And I don't know if this administration is finally listening to what the reality is and recognizing the reality, but I hope so. And we shouldn't wait til the end of the year to come up with milestones. We ought to be doing that now. We should have done it long ago.
And we shouldn't wait until after our elections are over to tell the Iraqis that we are going to have to tell — we're going to have to set a time when we're going to begin to leave Iraq. Because without that pressure of our troops leaving Iraq a few months down the road, the Iraqis are not going to do what only they can do, which is to work out those political differences.
WALLACE: One of the things that strikes me, in listening to all four of you, is you talk less about the military situation and more about the political situation.
I want to ask you about that, Senator Warner, because there were a couple of developments this week that I'm sure all of you felt were pretty troubling. One was that Prime Minister Maliki said that he wants to delay taking on and disarming the Shiite militias until the end of the year or some time next year.
We also had this kind of remarkable event where the U.S. arrested one of Muqtada al-Sadr's, the radical Shiite cleric, top aides for supposedly being involved in death squads, and then Maliki put pressure on the U.S. to release him because he didn't want to confront one of the main supporters of his regime, namely Muqtada al-Sadr.
Question: Do you still have confidence that Prime Minister Maliki is strong enough, tough enough, willing to do what needs to be done to bring this country together?
WARNER: I think we have no other course but to give him our confidence and our support. I thought Rumsfeld spoke very toughly yesterday, or the day before. He said, "Better that you get this done now than later." I mean, it was tough talk. The president has been very forthright and tough on Maliki.
You've got one other fact that you should know about. Maliki went to see Sadr and Grand Ayatollah Sistani just 48 hours before there was this Shia-upon-Shia fight down in Amarah. Now, that's clearly showing that his conversations with those two people were not fruitful. You have got to hold him to it. Maliki has to give more authority to the Iraqi army.
Our professional, I met with him yesterday at the Pentagon, have a degree in confidence in that army if they had more authority, more leeway to make decisions. And it is their job, not the U.S. coalition forces, to subdue and get rid of these private militias.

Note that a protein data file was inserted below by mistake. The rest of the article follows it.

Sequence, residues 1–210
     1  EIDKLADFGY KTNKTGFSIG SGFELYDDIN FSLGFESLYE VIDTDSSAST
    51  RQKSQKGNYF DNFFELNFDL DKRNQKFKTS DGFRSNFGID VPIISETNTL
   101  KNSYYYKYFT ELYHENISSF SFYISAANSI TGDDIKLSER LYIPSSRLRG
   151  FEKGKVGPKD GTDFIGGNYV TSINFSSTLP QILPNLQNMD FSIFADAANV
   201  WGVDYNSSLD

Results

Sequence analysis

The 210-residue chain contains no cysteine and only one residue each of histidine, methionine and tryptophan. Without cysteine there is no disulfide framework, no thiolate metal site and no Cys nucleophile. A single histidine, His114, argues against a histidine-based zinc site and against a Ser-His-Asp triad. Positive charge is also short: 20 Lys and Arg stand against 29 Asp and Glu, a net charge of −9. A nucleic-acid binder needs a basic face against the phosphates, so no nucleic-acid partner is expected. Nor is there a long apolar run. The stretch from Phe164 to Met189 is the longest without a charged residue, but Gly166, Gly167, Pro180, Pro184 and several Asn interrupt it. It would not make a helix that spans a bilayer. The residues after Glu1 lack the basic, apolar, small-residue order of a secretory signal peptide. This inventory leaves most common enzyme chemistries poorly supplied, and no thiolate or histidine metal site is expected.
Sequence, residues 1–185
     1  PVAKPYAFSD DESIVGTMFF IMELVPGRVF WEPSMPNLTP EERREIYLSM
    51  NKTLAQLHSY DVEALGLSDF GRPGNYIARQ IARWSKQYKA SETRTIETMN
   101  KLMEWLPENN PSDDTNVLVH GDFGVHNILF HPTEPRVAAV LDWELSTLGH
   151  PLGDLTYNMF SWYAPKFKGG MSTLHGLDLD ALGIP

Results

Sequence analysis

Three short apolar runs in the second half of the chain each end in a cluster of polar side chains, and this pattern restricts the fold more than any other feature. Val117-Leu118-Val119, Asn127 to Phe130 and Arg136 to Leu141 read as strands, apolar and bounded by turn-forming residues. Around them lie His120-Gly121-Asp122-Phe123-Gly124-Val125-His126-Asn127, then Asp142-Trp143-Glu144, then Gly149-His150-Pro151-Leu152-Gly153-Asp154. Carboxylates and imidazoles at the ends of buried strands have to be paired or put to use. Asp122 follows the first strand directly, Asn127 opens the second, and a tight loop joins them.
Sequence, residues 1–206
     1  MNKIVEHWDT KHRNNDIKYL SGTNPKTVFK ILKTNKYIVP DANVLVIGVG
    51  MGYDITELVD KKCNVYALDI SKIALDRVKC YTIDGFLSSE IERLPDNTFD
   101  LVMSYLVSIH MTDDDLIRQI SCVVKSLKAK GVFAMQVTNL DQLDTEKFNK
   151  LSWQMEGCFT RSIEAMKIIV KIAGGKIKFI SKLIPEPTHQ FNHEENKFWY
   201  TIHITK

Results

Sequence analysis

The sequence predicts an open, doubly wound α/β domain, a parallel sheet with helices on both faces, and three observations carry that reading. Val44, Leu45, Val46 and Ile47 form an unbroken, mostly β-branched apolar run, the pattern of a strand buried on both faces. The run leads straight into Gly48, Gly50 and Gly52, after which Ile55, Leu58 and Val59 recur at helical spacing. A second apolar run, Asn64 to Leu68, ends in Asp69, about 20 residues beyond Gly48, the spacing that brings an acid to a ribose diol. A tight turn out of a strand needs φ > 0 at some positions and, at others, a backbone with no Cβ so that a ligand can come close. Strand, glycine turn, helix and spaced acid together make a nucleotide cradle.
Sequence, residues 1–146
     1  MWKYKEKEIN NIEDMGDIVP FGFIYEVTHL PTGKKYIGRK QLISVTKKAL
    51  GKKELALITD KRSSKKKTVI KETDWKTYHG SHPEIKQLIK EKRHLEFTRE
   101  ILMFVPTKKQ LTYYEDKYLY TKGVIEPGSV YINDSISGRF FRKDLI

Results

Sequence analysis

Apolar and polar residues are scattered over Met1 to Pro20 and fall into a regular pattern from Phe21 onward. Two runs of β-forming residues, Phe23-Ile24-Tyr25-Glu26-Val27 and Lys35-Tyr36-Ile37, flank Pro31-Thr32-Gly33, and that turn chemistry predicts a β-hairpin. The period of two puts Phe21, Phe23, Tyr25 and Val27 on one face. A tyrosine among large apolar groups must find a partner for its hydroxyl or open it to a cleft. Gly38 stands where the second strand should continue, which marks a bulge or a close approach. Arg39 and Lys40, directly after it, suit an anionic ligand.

WALLACE: Senator Biden, do you still have confidence in Prime Minister Maliki?
BIDEN: I remember I was on your show when I came back after meeting with him in July and told you then I had no confidence in him. I have no confidence in his ability and possibly his willingness to deal with taking on that Shia coalition.
When I was down in Basra over the 4th of July, British general telling us, "It's not about an insurgency in the Shia region. It's not about a civil war. It's about a group of militia competing for control of that region."
And without a political solution, Chris, without giving the Sunnis a piece of the oil action, without following up with what they've already done under their constitution, call for a federal system — they've already voted for a system to allow federalism — without us making that work, helping them make that work, I don't know how he can do much of anything. I don't even think his inclination is to do much of anything.
WALLACE: But let me ask you a question. I mean, we'll get into the partition idea, which I know is one of your big proposals, in a moment. If he's not the right guy, and he was the one who was elected by the various elements in the National Assembly, what do we do?
BIDEN: Well, what we do — remember when the president made that secret trip over and they met with him, and I remember I was on a sister show of yours, and they showed me a picture of the president whispering in Maliki's ear, and they said, "What do you think of this?"
I said, "It depends on what he's whispering in his ear. If he's whispering in her ear, 'We support you,' we're in trouble. If the president's whispering in Maliki's ear, 'Look, Jack, let's get something straight here. I'm serious, I'm not joking, you've got to deal with the militia, and you've got to give the Sunnis a piece of the action in terms of the oil revenue, so there's a political solution here. Absent that, you're in trouble."'
So we are now seemingly beginning to say that to him — a little late, but he's the only horse in town and they elected him.
WALLACE: Senator Lugar, do you have confidence — do you still have confidence in Prime Minister Maliki?